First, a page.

We come to taste God’s goodness in our lives when we begin to see the congruity between his promises and his gifts.

However, we guide our thoughts to God in these moments not just because he’s cosmically huge and made everything, but also because he is a good father who gives generously to his children. My children understand the greatest gift God has given them is his Son, Jesus, who takes away their sin and brings them into the family of God. But, they also love God as the creator and giver of puppies, chickens, good friends, cookouts, baseball games, and good stories. Children need to hear, live, breath, and taste the goodness of God’s promises so they can begin the lifelong journey of weaving a coherent life that sees “Christ play[ing] in ten thousand places,”1 as Gerald Manley Hopkins quipped.

God, the Protector

As much as we might hope, we never grow out of fear. Like a parasite clinging to the growing limbs of our faith, it seems to follow us through the various stages of life. But age provides perspective and courage that is hard to come by in our youth. Indeed, the wonder and excitement of childhood also comes with surges of fear stemming from the uncertainties and newness of life. Whether it’s the darkness of a bedroom or walking into a new classroom, fear is fundamental to being a kid.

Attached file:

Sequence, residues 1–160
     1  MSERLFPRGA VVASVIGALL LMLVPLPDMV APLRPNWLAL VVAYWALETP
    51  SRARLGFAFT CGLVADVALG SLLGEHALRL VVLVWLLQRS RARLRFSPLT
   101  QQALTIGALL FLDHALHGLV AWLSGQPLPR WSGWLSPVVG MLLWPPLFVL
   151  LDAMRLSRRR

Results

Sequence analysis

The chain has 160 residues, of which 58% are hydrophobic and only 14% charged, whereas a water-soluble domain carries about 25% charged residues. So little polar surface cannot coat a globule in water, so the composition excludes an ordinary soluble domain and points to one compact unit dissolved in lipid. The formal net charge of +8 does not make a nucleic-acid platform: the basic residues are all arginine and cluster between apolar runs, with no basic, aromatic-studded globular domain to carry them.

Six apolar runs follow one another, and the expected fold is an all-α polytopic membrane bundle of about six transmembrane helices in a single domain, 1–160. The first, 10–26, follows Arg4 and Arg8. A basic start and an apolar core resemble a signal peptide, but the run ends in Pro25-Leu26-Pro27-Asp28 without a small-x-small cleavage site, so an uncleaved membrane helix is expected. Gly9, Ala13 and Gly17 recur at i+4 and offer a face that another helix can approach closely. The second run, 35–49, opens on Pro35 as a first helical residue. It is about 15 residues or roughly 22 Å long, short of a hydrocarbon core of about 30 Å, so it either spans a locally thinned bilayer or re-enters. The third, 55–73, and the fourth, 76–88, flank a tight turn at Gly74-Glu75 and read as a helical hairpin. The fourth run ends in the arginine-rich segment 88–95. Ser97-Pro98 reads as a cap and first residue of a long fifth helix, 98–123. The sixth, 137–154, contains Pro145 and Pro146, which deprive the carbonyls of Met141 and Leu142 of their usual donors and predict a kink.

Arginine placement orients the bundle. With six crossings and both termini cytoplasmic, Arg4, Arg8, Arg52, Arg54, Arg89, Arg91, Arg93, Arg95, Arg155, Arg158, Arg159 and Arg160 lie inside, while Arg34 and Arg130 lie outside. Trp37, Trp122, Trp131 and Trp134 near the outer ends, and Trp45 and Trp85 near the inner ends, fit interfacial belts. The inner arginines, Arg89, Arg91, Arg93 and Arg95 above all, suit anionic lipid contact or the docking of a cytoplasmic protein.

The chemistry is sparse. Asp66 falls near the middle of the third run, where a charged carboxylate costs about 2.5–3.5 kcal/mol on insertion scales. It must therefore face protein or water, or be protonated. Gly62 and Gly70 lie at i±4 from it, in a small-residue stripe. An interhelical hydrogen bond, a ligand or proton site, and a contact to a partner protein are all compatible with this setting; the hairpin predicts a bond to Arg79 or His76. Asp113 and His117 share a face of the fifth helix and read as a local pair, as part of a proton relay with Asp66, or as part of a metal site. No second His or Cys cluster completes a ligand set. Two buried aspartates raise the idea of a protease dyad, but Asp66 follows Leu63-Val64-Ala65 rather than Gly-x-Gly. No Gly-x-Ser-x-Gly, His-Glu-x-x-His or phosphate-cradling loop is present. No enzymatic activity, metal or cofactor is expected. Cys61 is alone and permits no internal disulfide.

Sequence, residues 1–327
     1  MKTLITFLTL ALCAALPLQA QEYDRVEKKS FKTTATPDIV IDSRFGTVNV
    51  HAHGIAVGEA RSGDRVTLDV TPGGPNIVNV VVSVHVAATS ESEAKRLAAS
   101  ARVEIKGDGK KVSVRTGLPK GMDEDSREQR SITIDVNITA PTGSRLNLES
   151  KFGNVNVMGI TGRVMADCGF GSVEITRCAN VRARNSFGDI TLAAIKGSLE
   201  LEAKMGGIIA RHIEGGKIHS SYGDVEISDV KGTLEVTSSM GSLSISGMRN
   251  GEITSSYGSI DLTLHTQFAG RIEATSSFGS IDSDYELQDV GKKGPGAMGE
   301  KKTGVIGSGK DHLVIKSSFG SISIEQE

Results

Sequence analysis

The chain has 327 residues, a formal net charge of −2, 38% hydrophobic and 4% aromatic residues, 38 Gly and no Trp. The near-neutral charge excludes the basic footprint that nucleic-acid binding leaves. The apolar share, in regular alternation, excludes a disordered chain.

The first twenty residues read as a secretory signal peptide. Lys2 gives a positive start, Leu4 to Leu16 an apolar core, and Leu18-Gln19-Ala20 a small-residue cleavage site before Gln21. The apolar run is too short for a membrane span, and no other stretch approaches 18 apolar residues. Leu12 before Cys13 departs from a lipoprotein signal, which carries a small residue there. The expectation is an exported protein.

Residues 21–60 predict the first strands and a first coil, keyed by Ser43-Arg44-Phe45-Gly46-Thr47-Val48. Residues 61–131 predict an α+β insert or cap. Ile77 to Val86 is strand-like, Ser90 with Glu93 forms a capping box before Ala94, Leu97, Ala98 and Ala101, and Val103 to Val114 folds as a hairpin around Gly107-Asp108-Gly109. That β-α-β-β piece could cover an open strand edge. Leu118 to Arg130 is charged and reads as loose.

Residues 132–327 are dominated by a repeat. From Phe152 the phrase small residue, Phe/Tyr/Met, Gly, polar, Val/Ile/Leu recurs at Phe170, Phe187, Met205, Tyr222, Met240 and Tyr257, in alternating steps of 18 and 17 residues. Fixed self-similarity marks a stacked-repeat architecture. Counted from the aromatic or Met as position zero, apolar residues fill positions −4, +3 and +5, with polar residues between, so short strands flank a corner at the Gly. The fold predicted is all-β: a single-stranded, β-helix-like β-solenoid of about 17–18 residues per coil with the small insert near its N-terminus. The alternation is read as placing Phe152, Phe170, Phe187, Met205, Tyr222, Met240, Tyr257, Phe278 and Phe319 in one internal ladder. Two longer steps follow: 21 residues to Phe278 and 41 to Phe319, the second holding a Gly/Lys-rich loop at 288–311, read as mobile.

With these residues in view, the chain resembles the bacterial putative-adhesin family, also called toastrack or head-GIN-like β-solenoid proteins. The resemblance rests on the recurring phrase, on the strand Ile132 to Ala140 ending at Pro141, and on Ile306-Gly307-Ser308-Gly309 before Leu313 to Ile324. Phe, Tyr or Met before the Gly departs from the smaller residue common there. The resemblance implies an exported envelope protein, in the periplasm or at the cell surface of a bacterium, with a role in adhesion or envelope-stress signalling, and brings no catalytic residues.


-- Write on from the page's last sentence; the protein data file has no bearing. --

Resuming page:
In these moments, God’s word bolsters us with truths like Psalm 27:1, “The Lord is my light and my salvation; whom shall I fear? The Lord is the stronghold of my life; of whom shall I be afraid?” God is our light in the darkness; he is our mountain refuge to which we can run. Obviously, to us and our kids, God is not literally our light (or else there would be fewer night lights in my house), and he is not literally a rock fortress. These biblically infused images invite minds young and old to envision the invisible. Reflecting upon the God of light and the “refugeness” of God helps young imaginations begin to experience the sanctifying and peace-giving power of meditating on the word of God. Such mental images are not merely make-believe; they are to be received by faith.

Are the promises and character of God beyond young minds? While there is little doubt that children engage with the truths of Scripture differently than their older siblings and parents, the word of God belongs in the lives of little ones. Whether it is delighting in the good gifts of their heavenly Father, marveling at the creative power the God who shapes the oceans, or resting in the refuge of their divine stronghold on a campout, these are the seeds of faith that will continue to grow throughout their lives.


  1. Hopkins, Gerard Manley. “As Kingfishers Catch Fire” Poems and Prose (Penguin Classics, 1985).

William R. Osborne is the author of God, You Are: 20 Promises from the Psalms for Kids.